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We left off last month with number three on the list of aspects of the cosmological argument “the limit of temporal regress.”

4. Why not an infinite temporal regress?

Why do we need to complicate the picture by insisting that the universe has had a beginning? Why not assume that the universe (or previous universes that collapsed and were “recycled”) has always been? Besides, if we do assume a specific beginning, and then invoke a non-material agent such as God as the causal agent, that leaves us trying to account for God, which seems much harder than just accounting for a physical universe. Maybe we’re better off assuming that time/space and matter/energy have always existed in some form. If so, this would mean that the chess game we used to demonstrate the idea of temporal regression had no first move, no starting point. Every position on the board could be explained in terms of the previous position, and such moves have occurred eternally. In terms of the universe, each state of affairs is explained by a previous state, and this has gone on eternally and infinitely, without a beginning.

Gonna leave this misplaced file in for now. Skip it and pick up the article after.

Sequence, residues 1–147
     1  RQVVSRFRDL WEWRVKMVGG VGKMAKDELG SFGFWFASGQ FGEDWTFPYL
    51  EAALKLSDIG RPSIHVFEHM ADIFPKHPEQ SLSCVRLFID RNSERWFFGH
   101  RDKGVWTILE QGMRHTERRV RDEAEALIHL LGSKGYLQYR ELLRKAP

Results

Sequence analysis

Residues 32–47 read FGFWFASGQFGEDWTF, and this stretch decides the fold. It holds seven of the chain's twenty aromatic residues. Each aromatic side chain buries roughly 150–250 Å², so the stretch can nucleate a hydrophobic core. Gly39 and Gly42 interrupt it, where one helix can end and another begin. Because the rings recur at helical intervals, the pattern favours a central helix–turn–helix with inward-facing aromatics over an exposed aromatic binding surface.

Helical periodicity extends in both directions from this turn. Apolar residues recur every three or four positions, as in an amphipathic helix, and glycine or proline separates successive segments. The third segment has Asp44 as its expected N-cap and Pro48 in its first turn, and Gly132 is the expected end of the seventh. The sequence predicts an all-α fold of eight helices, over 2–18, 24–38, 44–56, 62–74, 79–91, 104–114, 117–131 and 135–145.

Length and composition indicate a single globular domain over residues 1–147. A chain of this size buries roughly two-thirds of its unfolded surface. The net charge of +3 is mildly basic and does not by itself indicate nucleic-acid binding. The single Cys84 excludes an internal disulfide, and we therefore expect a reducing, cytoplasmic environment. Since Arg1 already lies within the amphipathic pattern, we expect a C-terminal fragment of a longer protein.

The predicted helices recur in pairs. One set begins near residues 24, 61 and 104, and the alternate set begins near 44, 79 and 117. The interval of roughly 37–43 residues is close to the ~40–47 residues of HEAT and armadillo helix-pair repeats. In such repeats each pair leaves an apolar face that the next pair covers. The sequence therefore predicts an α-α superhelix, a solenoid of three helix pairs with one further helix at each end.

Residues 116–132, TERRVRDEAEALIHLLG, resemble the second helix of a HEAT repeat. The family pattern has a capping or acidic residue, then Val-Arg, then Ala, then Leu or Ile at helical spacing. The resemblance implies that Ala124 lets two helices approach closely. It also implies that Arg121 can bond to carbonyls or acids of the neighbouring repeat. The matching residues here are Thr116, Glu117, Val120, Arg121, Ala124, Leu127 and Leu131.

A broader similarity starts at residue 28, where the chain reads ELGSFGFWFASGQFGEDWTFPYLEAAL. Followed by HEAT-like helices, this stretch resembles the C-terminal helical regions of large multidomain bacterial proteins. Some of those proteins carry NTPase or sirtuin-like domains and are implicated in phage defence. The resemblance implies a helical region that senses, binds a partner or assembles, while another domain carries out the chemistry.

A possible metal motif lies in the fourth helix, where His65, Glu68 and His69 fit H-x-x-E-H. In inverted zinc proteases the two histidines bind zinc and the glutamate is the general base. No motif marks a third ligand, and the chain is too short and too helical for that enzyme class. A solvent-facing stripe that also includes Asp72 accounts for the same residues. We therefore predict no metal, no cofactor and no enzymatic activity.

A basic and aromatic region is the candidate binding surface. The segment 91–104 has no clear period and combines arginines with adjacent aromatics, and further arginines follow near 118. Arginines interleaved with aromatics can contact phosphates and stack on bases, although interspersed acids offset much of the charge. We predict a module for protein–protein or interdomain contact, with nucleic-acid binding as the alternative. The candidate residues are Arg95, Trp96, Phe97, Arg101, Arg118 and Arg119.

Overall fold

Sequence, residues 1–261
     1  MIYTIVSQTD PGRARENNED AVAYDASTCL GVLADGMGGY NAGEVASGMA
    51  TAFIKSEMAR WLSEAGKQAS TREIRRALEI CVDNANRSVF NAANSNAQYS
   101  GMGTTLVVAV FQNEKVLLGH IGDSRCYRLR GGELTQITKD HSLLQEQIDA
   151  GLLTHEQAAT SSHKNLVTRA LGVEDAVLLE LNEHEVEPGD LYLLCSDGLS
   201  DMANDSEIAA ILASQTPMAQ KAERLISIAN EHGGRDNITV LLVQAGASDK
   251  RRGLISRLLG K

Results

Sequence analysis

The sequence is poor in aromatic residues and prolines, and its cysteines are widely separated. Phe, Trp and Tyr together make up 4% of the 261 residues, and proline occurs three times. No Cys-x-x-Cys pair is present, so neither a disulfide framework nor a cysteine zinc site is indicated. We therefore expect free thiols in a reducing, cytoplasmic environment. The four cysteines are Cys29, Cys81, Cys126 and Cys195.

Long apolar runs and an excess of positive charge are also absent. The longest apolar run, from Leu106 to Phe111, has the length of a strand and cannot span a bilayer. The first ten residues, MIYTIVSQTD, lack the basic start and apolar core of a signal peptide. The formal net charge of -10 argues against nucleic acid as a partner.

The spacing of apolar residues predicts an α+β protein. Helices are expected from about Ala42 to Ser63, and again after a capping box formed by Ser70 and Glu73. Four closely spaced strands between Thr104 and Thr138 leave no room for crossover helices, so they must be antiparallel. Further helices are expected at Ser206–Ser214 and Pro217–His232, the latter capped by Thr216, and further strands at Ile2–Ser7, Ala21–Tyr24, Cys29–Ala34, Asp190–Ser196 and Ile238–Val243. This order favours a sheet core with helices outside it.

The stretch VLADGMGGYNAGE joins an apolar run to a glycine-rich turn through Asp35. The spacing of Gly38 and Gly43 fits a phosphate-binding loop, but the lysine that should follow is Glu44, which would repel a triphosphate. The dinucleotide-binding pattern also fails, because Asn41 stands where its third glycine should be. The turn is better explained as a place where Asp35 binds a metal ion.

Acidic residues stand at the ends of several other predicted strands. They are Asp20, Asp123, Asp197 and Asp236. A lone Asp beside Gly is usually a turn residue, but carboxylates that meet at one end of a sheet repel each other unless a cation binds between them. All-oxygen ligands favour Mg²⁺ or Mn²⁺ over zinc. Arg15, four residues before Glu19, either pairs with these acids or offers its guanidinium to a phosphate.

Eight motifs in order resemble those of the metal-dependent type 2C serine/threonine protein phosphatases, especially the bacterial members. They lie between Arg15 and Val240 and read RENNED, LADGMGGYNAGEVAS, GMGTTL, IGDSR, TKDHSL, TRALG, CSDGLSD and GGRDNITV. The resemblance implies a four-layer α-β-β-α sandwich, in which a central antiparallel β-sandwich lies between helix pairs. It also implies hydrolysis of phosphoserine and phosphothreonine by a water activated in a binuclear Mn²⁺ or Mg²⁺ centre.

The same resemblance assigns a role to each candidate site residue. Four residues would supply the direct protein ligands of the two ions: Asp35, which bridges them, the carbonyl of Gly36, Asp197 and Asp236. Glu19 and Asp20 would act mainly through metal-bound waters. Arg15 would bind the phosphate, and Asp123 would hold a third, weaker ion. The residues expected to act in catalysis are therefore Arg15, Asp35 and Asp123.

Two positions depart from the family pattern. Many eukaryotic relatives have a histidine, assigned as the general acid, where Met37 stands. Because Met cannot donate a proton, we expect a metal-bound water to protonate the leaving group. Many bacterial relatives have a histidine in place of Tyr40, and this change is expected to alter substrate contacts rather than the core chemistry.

Can you see why this arrangement can’t work? An infinite regress of finite events is impossible, and even if it were theoretically accepted, it would still lead to no explanation. Denying the possibility and/or efficacy of an infinite temporal regress is indeed a critical step in many cosmological arguments. I will briefly suggest three reasons for rejecting an infinite temporal regress to explain our universe.1

Infinity can’t be counted

Before we set out these reasons, we might want to remind ourselves that infinity is not just a big number, and eternity is not just a long time. When we call something “infinitely large” or “infinitely old” we’re not just saying that it’s too big or too old to measure. The stars represent infinity to the human mind (Gen. 15:6), but they are, in fact, finite, because they are countable. Infinite means “without limit.”An infinite number of stars, such as in an infinitely large universe, doesn’t just mean more stars than we can count or detect, it means that they have no end whatsoever; no matter how many we find, we haven’t even begun to come close to counting them, because there is no end, ever.